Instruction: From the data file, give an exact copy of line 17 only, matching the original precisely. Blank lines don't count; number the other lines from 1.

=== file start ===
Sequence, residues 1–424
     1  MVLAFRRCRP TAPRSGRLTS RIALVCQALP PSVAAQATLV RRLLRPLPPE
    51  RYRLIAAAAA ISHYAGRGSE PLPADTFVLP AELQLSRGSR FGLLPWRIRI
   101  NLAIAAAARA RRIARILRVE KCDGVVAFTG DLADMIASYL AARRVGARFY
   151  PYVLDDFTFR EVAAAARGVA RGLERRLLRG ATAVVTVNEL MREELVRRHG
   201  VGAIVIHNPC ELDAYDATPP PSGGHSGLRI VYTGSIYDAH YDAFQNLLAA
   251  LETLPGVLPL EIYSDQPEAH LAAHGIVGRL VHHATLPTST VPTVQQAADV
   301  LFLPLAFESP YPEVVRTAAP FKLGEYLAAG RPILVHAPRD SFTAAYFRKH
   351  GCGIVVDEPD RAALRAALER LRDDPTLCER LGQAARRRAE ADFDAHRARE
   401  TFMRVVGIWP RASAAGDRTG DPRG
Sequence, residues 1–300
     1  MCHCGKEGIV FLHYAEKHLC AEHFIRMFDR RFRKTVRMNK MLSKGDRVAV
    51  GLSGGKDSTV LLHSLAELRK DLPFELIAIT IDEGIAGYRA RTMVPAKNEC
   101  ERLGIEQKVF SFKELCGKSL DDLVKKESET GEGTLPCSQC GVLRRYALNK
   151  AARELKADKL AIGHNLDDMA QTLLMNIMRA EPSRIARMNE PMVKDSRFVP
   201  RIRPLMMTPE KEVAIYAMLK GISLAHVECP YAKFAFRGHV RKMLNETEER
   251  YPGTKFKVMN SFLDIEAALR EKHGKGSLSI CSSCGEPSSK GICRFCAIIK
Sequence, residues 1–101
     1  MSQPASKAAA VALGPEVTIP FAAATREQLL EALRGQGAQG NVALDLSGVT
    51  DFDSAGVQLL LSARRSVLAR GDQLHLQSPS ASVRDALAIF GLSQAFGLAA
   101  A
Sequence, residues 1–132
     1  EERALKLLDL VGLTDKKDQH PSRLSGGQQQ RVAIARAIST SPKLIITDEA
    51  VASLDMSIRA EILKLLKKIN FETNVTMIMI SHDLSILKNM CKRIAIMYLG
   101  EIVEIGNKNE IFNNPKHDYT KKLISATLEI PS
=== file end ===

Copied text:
   251  YPGTKFKVMN SFLDIEAALR EKHGKGSLSI CSSCGEPSSK GICRFCAIIK